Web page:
This Day in Mets History: Willie Randolph fired on the West Coast trip

New York Mets v Los Angeles Angels of Anaheim
New York Mets v Los Angeles Angels of Anaheim / Stephen Dunn/GettyImages

Two hours after beating the Los Angeles Angels 9-6, New York Mets manager Willie Randolph was fired. The timing became a legendary reference point. The early 3:11am decision on June 17, 2008, came as a huge surprise to everyone, especially Randolph. 

Firing a manager on a West Coast road trip is unusual. Doing so after a win for a 34-35 ball club is equally as strange. But there’s more.

This firing took place on the first game of a six-game road trip. The big question was why he was even allowed to hop on the plane. Clearly, the decision had already been made. As much as fans wanted him gone at the time, this wasn’t the way to do it.

Randolph helped to end a dark time in Mets history but also created a new narrative about how they couldn’t get the job done. From 2005-2007, the Mets never had a losing record. Their collapse in 2007, however, put a stain on whether or not Randolph was the right man for the job. There came a time when he wasn’t. Apparently, cutting ties when most of New York was asleep was the best time to make it happen.

The fallout of the Mets firing Willie Randolph on June 17, 2008

Jerry Manuel would take over for the Mets after Randolph and turn the season around in the best of ways. His record as skipper was 55-38. It led to an 89-73 campaign for the Mets. It was, sadly, a single win short of tying the Milwaukee Brewers for the wild card spot. Three games behind the Philadelphia Phillies, the Mets came up just short for the second consecutive year.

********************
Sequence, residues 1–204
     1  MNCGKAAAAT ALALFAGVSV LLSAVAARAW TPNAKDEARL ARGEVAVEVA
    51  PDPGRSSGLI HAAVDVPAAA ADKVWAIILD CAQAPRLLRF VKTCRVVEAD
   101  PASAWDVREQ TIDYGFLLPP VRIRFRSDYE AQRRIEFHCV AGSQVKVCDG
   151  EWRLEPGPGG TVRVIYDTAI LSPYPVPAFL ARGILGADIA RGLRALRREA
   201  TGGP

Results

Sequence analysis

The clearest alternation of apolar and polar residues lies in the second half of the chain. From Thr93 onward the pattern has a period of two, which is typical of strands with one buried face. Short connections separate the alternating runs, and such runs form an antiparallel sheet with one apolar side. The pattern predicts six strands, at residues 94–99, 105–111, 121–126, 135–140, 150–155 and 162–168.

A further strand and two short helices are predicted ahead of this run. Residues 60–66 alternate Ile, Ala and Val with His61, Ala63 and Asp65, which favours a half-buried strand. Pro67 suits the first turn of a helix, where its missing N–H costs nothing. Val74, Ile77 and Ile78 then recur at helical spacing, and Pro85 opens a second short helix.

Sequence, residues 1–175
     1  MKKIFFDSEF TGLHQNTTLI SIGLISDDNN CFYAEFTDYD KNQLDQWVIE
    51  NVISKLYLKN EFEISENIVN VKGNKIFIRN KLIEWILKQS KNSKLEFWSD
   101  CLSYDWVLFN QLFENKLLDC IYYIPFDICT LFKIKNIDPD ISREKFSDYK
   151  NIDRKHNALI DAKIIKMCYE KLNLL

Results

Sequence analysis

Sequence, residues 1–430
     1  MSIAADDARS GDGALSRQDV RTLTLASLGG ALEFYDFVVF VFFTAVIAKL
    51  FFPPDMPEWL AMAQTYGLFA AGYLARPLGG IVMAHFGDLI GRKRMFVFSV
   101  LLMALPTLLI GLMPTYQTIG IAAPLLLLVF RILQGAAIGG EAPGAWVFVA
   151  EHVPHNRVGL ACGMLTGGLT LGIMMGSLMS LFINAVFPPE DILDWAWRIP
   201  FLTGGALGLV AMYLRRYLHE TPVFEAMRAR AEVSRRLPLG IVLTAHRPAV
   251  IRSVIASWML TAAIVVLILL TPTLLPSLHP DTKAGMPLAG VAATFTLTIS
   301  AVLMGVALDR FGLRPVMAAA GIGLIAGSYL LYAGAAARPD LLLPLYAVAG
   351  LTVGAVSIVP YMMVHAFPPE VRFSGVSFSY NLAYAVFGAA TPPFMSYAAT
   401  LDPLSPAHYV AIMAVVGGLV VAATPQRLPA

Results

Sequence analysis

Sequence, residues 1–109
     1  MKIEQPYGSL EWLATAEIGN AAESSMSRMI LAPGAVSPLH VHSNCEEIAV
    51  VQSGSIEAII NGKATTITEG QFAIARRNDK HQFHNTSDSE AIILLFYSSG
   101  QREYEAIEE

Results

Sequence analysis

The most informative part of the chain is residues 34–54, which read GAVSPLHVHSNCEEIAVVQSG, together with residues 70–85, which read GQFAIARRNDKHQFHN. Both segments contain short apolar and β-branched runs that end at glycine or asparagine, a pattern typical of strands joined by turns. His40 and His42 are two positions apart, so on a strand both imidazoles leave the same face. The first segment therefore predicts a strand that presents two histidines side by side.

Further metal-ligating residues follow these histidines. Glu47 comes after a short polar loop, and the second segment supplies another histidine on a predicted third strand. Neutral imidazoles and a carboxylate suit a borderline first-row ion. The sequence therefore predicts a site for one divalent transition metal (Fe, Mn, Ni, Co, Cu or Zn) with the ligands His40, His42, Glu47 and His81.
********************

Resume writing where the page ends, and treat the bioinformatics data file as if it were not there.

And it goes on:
The fallout of the Randolph firing is something Mets fans still remember, reference, and ponder. Randolph never got another job as a Major League Baseball manager. A 302-253 record for a .544 winning percentage would suggest he should’ve gotten another shot.

He’d get a gig as the bench coach for the Milwaukee Brewers and was later hired by the Baltimore Orioles for the same position alongside a name Mets fans know well today, Buck Showalter. Randolph later became the Orioles’ third base coach, a switch made in the middle of the 2011 season. He left the Orioles after the season and any thought of him managing in MLB again seemed to fade.

Manuel didn’t turn out to be a solution for the Mets. After a valiant effort in 2008, the team went only 70-92 in 2009 then finished 2010 with a 79-83 record. Like most managers, he ended up fired.

It would take seven and a half years after Randolph was fired for the Mets to return to the playoffs. That’s another story for a different day.